• Reduction of the average natural visual range from about 110 miles (without the effects of pollution) to about 60 miles because of pollution at the park
  • Reduction of the visual range in the summer from about 80 miles to below 35 miles on high pollution days
  • Severe haze episodes can reduce visibility to 5 miles or less

Visit the NPS air quality conditions and trends website for park-specific visibility information. Great Smoky Mountains NP has been monitoring visibility since 1988. Check out the live air quality webcams at Look Rock, Purchase Knob, and Clingmans Dome; and explore air monitoring »

Ground-Level Ozone

Butterfly on milkweed plant
Milkweed is one of the ozone sensitive species found at Great Smoky Mountains NP.

At ground level, ozone is harmful to human health and the environment. Ground-level ozone does not come directly from smokestacks or vehicles, but instead is formed when other pollutants, mainly nitrogen oxides and volatile organic compounds, react in the presence of sunlight.

Ozone levels in the park have come down over the past 10 years but still sometimes exceed the National Ambient Air Quality Standard set by the U.S. Environmental Protection Agency to protect public health. Ozone is a respiratory irritant, causing coughing, sinus inflammation, chest pains, scratchy throat, lung damage, and reduced immune system functions. Children, the elderly, people with existing health problems, and active adults are most vulnerable. When ozone levels exceed, or are predicted to exceed, health standards, Great Smoky Mountain NP staff post health advisories cautioning visitors of the potential health risks associated with exposures to elevated levels.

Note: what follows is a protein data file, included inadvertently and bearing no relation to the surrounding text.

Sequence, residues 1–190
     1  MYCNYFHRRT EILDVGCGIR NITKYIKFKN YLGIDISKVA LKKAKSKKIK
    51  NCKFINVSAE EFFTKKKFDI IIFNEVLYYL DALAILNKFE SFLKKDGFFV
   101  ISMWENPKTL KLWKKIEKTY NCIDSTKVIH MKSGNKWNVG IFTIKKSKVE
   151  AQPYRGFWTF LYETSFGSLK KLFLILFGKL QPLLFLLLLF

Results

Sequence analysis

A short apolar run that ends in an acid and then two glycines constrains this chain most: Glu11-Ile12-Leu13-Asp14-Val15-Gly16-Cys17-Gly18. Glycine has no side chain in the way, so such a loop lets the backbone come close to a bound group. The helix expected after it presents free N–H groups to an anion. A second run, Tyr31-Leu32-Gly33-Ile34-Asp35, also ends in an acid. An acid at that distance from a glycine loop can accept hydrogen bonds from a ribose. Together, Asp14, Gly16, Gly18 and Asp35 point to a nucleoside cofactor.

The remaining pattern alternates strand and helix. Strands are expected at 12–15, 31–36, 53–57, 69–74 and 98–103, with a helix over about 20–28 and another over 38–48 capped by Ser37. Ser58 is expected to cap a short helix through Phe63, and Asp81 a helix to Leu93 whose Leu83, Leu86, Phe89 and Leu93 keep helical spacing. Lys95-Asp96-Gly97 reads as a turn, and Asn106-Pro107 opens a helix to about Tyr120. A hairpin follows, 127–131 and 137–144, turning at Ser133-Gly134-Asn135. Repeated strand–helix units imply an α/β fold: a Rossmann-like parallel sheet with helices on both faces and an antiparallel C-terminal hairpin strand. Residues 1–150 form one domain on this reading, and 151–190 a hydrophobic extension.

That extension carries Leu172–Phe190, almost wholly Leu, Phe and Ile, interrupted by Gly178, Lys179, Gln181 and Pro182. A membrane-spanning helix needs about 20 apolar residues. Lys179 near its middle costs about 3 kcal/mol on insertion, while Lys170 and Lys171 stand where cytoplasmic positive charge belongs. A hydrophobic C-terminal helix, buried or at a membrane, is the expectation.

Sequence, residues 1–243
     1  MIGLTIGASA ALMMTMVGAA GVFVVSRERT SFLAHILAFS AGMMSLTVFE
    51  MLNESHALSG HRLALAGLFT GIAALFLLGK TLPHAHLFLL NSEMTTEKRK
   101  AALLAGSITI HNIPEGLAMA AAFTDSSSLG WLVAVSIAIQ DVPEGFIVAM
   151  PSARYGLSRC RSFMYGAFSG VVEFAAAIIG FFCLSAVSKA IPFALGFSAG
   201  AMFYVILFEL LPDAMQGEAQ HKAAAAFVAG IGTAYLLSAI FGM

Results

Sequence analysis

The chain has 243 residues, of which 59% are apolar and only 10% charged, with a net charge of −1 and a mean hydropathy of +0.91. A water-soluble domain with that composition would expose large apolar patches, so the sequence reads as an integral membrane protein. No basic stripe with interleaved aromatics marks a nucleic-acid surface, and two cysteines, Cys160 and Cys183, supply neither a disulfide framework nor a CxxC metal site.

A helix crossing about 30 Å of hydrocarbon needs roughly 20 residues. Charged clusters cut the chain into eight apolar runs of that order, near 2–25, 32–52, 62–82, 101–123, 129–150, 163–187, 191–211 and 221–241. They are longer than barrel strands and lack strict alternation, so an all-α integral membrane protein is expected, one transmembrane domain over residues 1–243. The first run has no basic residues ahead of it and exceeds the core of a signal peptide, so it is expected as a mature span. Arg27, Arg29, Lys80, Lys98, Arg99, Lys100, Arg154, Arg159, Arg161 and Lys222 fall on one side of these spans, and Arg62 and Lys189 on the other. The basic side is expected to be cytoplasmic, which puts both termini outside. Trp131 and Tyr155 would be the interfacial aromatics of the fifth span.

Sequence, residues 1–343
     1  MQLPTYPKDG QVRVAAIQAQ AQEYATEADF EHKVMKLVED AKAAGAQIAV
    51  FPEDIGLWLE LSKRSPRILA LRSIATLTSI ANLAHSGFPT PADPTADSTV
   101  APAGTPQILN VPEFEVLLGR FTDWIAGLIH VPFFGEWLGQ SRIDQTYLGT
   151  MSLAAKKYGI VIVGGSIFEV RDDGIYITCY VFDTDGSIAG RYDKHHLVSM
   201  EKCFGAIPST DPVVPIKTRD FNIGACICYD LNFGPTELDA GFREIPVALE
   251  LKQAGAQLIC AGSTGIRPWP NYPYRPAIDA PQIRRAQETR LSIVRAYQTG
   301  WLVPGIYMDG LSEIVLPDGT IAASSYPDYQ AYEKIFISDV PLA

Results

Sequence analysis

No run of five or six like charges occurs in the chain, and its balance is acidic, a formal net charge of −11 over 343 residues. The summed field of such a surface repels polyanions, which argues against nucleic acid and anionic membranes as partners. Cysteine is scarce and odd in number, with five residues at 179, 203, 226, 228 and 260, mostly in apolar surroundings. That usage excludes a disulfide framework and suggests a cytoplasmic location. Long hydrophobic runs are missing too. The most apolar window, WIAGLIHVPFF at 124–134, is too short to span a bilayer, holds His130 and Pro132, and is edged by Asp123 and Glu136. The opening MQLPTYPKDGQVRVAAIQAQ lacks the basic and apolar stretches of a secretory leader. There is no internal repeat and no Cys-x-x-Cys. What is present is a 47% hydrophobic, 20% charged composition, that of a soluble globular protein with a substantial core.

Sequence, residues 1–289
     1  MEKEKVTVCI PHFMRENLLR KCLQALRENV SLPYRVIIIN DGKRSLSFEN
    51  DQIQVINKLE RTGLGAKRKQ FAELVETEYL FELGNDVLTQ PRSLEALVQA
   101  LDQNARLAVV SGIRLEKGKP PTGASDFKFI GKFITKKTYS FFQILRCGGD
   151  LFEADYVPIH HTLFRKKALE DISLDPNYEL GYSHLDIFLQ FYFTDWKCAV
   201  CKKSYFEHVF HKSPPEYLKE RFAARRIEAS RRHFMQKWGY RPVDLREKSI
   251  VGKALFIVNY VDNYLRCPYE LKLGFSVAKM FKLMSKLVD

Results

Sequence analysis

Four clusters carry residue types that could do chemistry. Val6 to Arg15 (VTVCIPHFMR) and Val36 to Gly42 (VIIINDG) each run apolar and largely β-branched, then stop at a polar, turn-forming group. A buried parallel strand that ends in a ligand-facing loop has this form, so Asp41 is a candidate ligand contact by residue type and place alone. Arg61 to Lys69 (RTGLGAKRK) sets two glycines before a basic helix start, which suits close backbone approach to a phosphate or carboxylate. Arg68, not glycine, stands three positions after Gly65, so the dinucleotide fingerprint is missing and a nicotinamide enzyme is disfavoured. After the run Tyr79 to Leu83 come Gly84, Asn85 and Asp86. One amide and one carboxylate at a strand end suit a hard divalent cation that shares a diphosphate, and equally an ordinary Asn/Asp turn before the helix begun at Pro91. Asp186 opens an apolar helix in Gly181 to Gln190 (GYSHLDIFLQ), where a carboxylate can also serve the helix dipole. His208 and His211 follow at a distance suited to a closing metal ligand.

Over the course of a growing season, ozone can damage plant tissues making it harder for plants to produce and store food. It also weakens plants making them less resistant to disease and insect infestations. Some plants are more sensitive to ozone than others. Search ozone-sensitive plant species found at Great Smoky Mountains NP.

Ozone effects on vegetation:

  • Visible injury to leaves of trees and understory plants, including black cherry, tulip tree (yellow poplar), sassafras, winged-sumac, blackberry, tall milkweed and cutleaf coneflower (Neufeld et al. 1991)
  • Up to 90% of black cherry trees and milkweed plants in numerous park locations show symptoms of ozone damage
  • Decline of growth in forest trees (Somers et al. 1998; McLaughlin et al. 2007a)

Visit the NPS air quality conditions and trends website for park-specific ozone information. Great Smoky Mountains NP has been monitoring ozone since 1993. Check out the live ozone and meteorology data from Great Smoky Mountains, NP and explore air monitoring »

Particulate Matter

Concentrations of fine particles in the air at Great Smoky Mountains NP sometimes exceed the National Ambient Air Quality Standards set by the U.S. Environmental Protection Agency to protect human health. Fine particles (smaller than 2.5 micrometers) originate from either direct emissions by a source, such as construction sites, power plants, and fires, or reactions with gases and aerosols in the atmosphere emitted from pollution sources upwind.

Because of their small size, fine particles can get deep into the lungs and cause serious health problems. Numerous scientific studies have linked particle pollution exposure to irritation of the airways, coughing, difficulty breathing, aggravated asthma, chronic bronchitis, heart attacks, and premature death in people with heart or lung disease.

Great Smoky Mountains NP has been monitoring particulate matter since 2002. Check out the most recent particulate matter levels on our live data site and explore air monitoring »

Explore Other Park Air Profiles

There are 47 other Park Air Profiles covering parks across the United States and its territories.


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Part of a series of articles titled Park Air Profiles.

Great Smoky Mountains National Park

Last updated: August 17, 2023